// IE10, Firefox, Chrome & Safari, Opera
    this.platformerGameStage.canvas.addEventListener("MSTransitionEnd", onTransitionEnd(this));
    this.platformerGameStage.canvas.addEventListener("transitionend", onTransitionEnd(this));
    this.platformerGameStage.canvas.addEventListener("webkitTransitionEnd", onTransitionEnd(this));
    this.platformerGameStage.canvas.addEventListener("oTransitionEnd", onTransitionEnd(this));

And here is the code that will be call-backed:

// Function called when the transition has ended
// We're then loading the next level
function onTransitionEnd(instance) {
    return function () {
        if (instance.loadNextLevel === true) {

At last, here is the code of my game which set the moveRotation class on the canvas:

// Perform the appropriate action to advance the game and
// to get the player back to playing.
PlatformerGame.prototype.HandleInput = function () {
    if (!this.wasContinuePressed && this.continuePressed) {
        if (!this.level.Hero.IsAlive) {
        else if (this.level.TimeRemaining == 0) {
            if (this.level.ReachedExit) {
                // If CSS3 Transitions is supported
                // We're using smooth & nice effects between each levels
                if (Modernizr.csstransitions) {
                    this.loadNextLevel = true;
                    // Setting the moveRotation class will trigger the css transition
                    this.platformerGameStage.canvas.className = "moveRotation";
                // If CSS3 Transition is not supported, we're jumping directly
                // to the next level
                else {
        overlayDisplayed = false;

    this.wasContinuePressed = this.continuePressed;

Notice that I’m using Modernizr to do a feature detection of CSS Transitions. We’re finally setting back the initialRotation class inside the LoadNextLevel function:

// Loading the next level 
PlatformerGame.prototype.LoadNextLevel = function () {
    this.loadNextLevel = false;
    // Setting back the initialRotation class will trigger the transition
    this.platformerGameStage.canvas.className = "initialRotation";
    // ... loadNextLevel logic stuff...

Note:  Opera doesn’t support CSS3 3D Transform yet.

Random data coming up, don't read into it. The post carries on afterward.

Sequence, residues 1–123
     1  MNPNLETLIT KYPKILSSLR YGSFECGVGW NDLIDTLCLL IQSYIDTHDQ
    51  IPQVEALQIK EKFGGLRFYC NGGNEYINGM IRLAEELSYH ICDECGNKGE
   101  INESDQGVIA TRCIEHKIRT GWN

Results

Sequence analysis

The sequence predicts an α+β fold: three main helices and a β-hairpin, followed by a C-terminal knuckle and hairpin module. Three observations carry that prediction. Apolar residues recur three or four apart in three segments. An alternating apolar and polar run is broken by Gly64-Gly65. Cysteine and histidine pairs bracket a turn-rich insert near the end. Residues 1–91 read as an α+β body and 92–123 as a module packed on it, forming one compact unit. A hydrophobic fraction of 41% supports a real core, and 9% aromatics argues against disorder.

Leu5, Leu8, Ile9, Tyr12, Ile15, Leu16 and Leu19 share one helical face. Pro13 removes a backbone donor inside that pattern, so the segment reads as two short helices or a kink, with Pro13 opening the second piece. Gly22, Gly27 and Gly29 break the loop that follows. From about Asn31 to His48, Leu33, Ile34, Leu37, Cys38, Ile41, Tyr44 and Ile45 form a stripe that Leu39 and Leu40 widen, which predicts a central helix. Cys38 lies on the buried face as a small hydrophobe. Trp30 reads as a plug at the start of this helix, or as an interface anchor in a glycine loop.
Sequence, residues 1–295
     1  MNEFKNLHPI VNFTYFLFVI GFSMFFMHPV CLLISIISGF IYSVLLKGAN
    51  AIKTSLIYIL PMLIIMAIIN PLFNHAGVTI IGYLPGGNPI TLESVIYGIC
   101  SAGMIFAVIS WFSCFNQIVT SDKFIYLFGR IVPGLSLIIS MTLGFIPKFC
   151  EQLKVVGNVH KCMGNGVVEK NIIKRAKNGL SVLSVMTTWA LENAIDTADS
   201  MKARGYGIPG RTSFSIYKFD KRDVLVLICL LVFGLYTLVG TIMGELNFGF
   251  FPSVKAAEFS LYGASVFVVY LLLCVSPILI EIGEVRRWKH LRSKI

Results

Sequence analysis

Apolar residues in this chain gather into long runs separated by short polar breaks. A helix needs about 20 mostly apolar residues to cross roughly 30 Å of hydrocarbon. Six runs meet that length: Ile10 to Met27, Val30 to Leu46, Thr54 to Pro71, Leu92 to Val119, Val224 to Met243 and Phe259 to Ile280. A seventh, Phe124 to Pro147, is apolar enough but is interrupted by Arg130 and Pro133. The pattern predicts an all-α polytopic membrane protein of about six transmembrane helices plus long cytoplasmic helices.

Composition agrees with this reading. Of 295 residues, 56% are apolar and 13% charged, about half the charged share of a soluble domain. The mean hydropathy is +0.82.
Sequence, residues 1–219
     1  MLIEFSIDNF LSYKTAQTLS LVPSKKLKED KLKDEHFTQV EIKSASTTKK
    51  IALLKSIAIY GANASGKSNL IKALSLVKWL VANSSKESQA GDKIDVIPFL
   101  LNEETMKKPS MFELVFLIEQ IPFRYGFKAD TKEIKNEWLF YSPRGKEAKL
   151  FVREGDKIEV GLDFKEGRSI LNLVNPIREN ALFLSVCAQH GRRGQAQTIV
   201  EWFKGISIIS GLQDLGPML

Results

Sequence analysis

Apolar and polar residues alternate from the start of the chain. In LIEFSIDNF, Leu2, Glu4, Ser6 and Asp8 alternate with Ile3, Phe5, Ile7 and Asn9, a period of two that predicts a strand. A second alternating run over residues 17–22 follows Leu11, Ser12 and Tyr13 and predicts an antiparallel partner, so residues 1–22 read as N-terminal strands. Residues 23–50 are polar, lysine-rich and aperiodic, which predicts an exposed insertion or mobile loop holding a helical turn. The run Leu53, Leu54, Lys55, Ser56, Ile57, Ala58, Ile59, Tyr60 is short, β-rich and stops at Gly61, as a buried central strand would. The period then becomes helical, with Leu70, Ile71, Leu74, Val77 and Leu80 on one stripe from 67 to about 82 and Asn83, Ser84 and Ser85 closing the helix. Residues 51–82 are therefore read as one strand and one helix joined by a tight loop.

Video & URL to play this demo

Here is a short video of IE10 demonstrating the features implemented in this article:

You can also play with this demo in IE10 or your favorite browser here: Modern HTML5 Platformer


In the second article, we’re going to see how I’ve implemented the Offline APIs to make the game works without network connections and how I’ve used File & Drag’n’drop APIs to implement a cool feature in my game.


17 thoughts on “Modernizing your HTML5 Canvas games Part 1: hardware scaling & CSS3

  1. Hmm,

    in which browsers does your Code run fine.

    window.addEventListener("resize", OnResizeCalled, false);

    function OnResizeCalled() { = window.innerWidth + 'px'; = window.innerHeight + 'px';


    why i need to code a simple function? A workin layout System has this build in.

    What a shame with your your HTML guys.

  2. Note: I’ve also added the prefixes versions –moz, –webkit & –o for Mozilla, Webkit & Opera to be compatible with the other browsers. Never forget to do the same!

    I think we talk about standards? Aou do not work in standards, you work in draft an properitary Languages.

  3. Using the word "anti-aliasing" to describe upscaling an image is really stretching the terminology. Please don't do that.

  4. @hoopz: the anti-aliasing is done for you by the gpu in this case. That's why I'm using this terminology. Maybe I should have more clear in my article.


  5. @p: I'm using -o everywhere except for the 3dt thing. I'll add that asap. It's funny to see people spotting immediatly such missing where as no one cares about on line demos without -ms!


  6. @Jens: well, some CSS3 specs before being finalized must be prefixed. It's still a standard but it's a draft. Moreover, in my case, it doesn't break in other browser thanks to degradation

  7. @test, I've modified the article to add a 100% width & height rule. But I'm registering to the resize event this way to prepare later code that handles the ratio.


  8. Very well done. My favorite part is that you can make the player moon walk by pressing 'd' then the left arrow key, or the right arrow key then 'a'.

  9. This is a great article. After porting my iPhone game to Android I was afraid I was going to have to have to apply a scale to every element being rendered. Good work!

  10. Nice Article !!

    I have the problem of my " lag animation game" .I have a drag and drop game using about 10 bitmap animation and large of bitmap size file. Can you see my code for a moment? To see what the core of my "lag game" Here's the link .

    Please run in your local server .

    I'm so looking forward to your solution. Many thanks .